Last month, Journalist Elizabeth Grossman wrote about the insidious impact of toxins on the brains of children, either while they're still in the womb or in their early years as their brains are still developing. She describes both indoor and outdoor exposure pathways that offer a multitude of opportunities for kids or pregnant mothers to be exposed to chemicals that can have both subtle and profound impacts on brain behavior.
There are the bad ones we know so much about but can't seem to eliminate from the marketplace, like lead, that still turns up in plastic "softeners" and imported paints. But there's also the threat that grows from fine particulate matter with almost every new research effort published, as well as more ubiquitous chemicals used in fire retardants (PBDEs) plastics (BPA and phthalates), and "perfluorinated compounds" used in stain resistant coatings and pesticides.
Only since the 1980's have scientists realized how much more vulnerable the brains, and hormones, of kids are to the impact of toxins. Even "low levels" of exposures at the wrong time in fetal development can have big consequences. One research is quoted by Grossman as saying that "timing determines destination."
In terms of air pollution, there are now numerous studies linking Particulate Matter (PM) pollution to Autism, including one published as recently as December from the Harvard School of Public Health showing that mothers exposed to high levels of the pollution were twice as likely to give birth to children diagnosed with the disorder.
Pregnant moms exposed to high levels of Polycyclic Aromatic Hydrocarbons, or PAHs – another by-product of burning stuff – were five times more likely to raise children with Attention Deficit Hyperactivity Disorder according to a recent study published by Columbia University's Mailman School of Public Health.
When you combine these air pollution threats with the retardants on the furniture we buy, the residues of pesticides on the food we eat, and the plastics we eat and drink from, the world looks like a very hostile place for developing minds.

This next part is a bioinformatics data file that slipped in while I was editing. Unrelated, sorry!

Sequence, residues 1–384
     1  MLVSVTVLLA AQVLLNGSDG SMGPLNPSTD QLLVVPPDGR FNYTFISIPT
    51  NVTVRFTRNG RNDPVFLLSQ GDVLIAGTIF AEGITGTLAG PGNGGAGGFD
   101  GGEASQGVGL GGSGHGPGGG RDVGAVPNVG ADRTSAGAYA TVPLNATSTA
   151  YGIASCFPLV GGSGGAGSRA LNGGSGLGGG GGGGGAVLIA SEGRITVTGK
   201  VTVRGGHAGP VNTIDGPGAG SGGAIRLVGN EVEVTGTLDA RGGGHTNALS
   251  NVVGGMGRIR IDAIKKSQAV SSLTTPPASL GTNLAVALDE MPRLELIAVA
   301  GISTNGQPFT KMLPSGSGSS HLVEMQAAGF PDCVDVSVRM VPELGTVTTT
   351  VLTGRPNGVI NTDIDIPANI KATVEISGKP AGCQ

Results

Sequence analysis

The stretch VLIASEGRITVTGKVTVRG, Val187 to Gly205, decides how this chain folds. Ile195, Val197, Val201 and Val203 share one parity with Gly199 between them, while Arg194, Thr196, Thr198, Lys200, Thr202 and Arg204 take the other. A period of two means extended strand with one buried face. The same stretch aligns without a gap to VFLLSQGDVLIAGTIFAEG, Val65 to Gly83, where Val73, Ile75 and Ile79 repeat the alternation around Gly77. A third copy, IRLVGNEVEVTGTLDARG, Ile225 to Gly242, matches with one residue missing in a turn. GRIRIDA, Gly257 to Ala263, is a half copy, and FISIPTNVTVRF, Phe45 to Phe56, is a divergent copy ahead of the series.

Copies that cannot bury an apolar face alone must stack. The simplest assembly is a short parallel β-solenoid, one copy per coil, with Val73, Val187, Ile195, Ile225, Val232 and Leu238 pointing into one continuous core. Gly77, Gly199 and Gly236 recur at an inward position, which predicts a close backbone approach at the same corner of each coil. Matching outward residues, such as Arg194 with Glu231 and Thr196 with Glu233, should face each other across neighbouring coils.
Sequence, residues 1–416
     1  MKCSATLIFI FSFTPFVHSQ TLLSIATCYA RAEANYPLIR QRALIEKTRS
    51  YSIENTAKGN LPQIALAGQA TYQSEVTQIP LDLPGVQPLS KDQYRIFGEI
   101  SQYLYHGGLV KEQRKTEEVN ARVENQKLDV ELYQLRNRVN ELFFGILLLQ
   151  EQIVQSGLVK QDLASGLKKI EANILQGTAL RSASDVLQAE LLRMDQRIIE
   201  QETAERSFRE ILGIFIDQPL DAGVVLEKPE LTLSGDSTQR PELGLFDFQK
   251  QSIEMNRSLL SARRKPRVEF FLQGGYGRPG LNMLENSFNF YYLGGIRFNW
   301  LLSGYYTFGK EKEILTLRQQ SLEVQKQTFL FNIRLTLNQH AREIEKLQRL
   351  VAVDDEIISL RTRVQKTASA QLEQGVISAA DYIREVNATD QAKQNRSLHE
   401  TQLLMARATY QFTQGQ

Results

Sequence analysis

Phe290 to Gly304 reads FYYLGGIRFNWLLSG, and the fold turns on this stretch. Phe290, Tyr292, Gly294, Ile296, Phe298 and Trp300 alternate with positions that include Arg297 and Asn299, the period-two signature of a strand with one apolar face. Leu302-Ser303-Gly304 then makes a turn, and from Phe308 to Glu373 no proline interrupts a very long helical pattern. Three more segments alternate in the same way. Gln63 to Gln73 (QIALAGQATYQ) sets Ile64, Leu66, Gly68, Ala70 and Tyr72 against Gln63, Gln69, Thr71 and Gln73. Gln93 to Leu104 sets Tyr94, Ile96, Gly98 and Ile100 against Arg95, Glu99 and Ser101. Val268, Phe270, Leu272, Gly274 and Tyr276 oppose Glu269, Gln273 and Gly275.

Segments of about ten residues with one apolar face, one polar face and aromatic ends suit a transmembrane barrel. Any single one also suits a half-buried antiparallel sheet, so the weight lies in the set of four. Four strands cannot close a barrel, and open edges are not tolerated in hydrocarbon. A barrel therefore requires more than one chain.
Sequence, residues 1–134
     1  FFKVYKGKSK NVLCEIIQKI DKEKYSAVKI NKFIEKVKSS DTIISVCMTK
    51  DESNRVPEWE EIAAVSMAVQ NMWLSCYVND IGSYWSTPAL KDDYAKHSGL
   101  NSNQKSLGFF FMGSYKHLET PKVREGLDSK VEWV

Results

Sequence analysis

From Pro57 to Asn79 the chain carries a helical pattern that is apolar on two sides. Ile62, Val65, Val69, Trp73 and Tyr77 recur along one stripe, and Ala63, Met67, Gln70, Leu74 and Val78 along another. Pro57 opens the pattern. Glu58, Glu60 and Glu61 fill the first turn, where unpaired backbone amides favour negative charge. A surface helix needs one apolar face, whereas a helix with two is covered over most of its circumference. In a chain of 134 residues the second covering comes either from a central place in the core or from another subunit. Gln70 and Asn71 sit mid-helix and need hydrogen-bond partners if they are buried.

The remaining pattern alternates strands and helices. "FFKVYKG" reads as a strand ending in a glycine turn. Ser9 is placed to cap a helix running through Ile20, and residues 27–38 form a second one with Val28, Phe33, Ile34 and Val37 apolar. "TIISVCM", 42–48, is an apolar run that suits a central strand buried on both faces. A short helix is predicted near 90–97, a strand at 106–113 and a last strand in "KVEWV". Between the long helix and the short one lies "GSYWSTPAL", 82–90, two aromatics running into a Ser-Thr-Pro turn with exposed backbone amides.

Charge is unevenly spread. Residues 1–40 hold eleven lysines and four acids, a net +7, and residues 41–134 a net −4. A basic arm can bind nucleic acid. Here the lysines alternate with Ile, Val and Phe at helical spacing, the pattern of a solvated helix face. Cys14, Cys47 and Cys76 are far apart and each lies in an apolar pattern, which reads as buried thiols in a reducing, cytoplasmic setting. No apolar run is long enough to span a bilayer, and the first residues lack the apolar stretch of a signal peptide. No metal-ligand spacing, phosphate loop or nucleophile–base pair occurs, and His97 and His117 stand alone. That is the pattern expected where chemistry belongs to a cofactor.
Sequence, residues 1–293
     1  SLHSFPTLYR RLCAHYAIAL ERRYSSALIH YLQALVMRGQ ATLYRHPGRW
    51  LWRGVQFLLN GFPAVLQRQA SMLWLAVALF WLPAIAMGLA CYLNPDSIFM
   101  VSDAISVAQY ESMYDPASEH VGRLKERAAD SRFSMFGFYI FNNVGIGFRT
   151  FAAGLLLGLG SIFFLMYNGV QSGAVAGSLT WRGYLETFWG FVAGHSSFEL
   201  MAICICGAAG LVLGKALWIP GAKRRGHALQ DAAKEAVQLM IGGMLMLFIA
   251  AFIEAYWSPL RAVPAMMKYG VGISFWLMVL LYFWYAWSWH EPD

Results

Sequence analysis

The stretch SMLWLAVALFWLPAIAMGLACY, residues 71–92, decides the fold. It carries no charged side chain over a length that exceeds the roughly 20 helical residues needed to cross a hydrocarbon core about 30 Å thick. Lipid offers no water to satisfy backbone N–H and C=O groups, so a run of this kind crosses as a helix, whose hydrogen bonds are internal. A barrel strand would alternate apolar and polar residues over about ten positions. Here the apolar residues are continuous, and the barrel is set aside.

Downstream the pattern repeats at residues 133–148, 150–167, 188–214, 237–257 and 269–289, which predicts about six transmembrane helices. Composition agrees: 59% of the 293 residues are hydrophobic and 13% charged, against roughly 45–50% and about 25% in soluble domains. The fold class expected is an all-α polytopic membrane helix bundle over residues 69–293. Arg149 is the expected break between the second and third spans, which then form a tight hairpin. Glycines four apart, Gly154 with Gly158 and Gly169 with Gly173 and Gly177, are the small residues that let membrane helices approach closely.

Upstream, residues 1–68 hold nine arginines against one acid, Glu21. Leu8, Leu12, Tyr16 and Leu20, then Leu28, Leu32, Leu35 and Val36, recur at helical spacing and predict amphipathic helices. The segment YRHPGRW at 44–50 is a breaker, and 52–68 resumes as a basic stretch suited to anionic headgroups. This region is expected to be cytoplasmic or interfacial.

No matter the exposure pathway, the problem is the old familiar one of an outdated and slow-moving regulatory system dealing with a marketplace where thousands of new chemicals are introduced without proper health screenings for fundamentals like cancer, much less their more subtle impacts on children's brain development. The ability for chemicals to cause harm is outracing the mechanism in place to prevent them. We're still reacting to being poisoned instead of being proactive about preventing it.
The more Ozone and Particulate Matter pollution a baby in the womb is exposed to, the more likely he or she will be born with autism according to a new UCLA study published March 1st in Environmental Health Perspectives, a peer-reviewed journal published by the National Institute of Environmental Health Sciences. It's the largest study of its kind to date and is the first to link autism with ozone, or smog, levels.
Researchers compared levels of air pollutants, mostly related to vehicle traffic, during pregnancy gestation periods of 7,603 children with autism and 75,635 children without autism, born from 1995 to 2006 in Los Angeles. Babies at the 75th percentile of exposure to toxins had a 8 percent to 10 percent higher risk of autism than babies at the bottom 25th percentile, the study said. Ozone and fine particulates had the strongest association with autism.
Using government air monitoring stations, researchers estimated average exposures during pregnancy to carbon monoxide, nitrogen dioxide, nitric oxide, ozone and particulate matter. The study adjusted for factors that include maternal age, birthplace, race and education. Using birth certificates, researchers compared control children with non-control children who had matching birth year, sex and gestational age at birth.
"These findings are of concern, since traffic-related air pollution is ubiquitous," said Dr. Beate Ritz, chair of UCLA's Department of Epidemiology and the study's senior author. She said she was reluctant to advise expectant mothers to leave LA or polluted cities, because that's not an option for many. "We can't tell them to not breathe or not go outside or not go to work," she said. She did recommend avoiding sitting in traffic, when pollutant exposure is worst."
Autism is a spectrum of disorders ranging from a profound inability to communicate and mental retardation to milder symptoms seen in Asperger's syndrome. The Centers for Disease Control and Prevention estimates that autism affects one in every 88 children born in the U.S., a 25 percent increase from 2006.